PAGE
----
The group had apparently hit trouble when one member (Richard) had difficulty in getting down off Green Gable to Windy Gap. They decided to abort Kirk Fell, go back to rescue the ‘lost sheep’ then proceed to Hay Stacks with the option of straight back to Honister. We parted and I started down towards the dried up Beck Head Tarn. The route up the fence line was easy to find. After that it’s a grassy ‘ad-lib’ around the secondary summit of Kirk Fell. The move from LD5 to the much quieter LD14 took 52 minutes.

KIRK FELL, G/LD-014, 802m (8 pts). 14:43 to 16:48 BST. Sunshine / high cloud. 15C. Wind 5mph. 36 QSO’s on 2m. QRP-VHF (FT817).

4m FM (nil):
No stations replied.

2m FM S2S (17):
At switch-on I heard CQ CQ from MI3WJZ/P. This turned out to be Iain on GI/MM-001 Slieve Donard 2786ft. What an opening QSO! I had a chat with Iain for a while before going off to work 17 chasers in FM.

2m CW (2):
There was no hope of reaching Scarborough because LD5 was now well and truly in the way. I beamed that way anyway, pulling in John G0TDM and Bill G4USW. A return there after SSB added three more (see 2m SSB).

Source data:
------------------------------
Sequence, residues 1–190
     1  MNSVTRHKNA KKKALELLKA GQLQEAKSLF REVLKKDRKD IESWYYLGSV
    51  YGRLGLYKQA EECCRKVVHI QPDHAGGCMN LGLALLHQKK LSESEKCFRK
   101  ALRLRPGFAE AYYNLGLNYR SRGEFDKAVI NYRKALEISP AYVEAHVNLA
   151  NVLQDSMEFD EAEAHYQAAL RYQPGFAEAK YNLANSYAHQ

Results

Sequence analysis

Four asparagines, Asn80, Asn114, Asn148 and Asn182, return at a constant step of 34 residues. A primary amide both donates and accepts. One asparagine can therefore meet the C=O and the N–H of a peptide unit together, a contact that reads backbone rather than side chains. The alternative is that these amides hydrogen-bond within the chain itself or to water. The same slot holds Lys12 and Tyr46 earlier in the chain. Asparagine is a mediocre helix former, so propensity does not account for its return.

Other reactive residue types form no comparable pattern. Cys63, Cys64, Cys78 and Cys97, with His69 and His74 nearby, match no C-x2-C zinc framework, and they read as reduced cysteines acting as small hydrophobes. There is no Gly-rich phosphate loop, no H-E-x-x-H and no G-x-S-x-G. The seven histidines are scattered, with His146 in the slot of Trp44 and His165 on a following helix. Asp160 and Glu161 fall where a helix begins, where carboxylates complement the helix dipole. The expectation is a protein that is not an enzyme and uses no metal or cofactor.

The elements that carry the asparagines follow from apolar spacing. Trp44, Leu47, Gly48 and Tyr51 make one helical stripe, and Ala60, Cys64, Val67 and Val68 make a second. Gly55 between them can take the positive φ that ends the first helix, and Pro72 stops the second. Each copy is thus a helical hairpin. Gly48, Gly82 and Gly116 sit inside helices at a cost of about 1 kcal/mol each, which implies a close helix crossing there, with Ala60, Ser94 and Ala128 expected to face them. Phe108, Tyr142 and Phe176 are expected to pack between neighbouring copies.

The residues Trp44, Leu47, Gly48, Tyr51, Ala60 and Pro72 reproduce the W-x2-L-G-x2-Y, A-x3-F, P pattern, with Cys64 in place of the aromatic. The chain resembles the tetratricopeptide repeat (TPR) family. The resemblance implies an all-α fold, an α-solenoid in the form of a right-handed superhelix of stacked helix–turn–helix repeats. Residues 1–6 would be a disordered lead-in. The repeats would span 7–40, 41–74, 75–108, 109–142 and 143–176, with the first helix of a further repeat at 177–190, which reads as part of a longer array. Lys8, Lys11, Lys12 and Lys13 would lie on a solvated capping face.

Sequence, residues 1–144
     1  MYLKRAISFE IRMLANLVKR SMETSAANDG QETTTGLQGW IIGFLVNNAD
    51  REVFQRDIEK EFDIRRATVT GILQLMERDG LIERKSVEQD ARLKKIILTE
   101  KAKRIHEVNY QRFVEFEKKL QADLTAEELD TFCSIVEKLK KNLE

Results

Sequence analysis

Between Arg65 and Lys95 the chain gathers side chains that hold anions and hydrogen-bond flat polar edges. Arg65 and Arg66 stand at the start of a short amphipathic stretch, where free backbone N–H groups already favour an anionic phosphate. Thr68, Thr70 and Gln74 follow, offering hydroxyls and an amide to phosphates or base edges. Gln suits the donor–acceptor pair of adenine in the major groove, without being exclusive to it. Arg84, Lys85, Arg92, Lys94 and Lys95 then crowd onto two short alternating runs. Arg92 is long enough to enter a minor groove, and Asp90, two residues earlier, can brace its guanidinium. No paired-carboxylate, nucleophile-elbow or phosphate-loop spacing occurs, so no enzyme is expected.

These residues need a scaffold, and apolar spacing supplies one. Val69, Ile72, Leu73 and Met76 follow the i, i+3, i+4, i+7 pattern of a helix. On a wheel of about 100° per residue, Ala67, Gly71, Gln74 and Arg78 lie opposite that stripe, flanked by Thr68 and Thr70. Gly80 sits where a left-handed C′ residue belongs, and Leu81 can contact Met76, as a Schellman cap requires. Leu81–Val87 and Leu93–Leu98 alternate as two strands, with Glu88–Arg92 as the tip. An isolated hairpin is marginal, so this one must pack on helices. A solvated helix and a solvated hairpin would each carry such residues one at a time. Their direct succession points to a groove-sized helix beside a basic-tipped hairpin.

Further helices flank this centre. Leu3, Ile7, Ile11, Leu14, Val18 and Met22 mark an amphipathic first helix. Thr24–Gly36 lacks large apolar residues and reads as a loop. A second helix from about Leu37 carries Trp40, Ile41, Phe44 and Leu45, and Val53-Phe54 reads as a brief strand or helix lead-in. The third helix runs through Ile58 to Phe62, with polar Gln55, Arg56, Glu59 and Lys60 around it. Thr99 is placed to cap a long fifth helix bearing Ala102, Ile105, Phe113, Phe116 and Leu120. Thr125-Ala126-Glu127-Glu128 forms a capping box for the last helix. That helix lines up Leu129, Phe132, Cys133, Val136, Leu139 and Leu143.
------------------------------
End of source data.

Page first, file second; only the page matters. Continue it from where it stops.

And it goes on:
2m SSB (14):
Once again it was Mick M0PVA who came back to my CQ on 144.300 and we clean forgot to QSY until Mike GW0DSP reminded us. I will use ‘tired’ as an excuse! 14 stations collected in SSB and once again a lot of the 80m regulars were successful on 2-SSB including G3RMD and G0RQL. Try as I may, I could not get Carolyn G6WRW into the log on this occasion. My signal was reaching beyond her QTH but maybe she was suffering from high noise. M6MIJ and 2E0OCC (Jennifer and son Nathan) both gave me ‘50’ reports which I logged as 51.

2m CW (again) (3):
At the end of the voice session, Tom M1EYP called me from The Cloud. After a switch to 144.050 CW, this ended as a two-mode S2S followed by the two Mikes GW0DSP (horiz) and G4BLH (vert) both bagging LD14 in CW.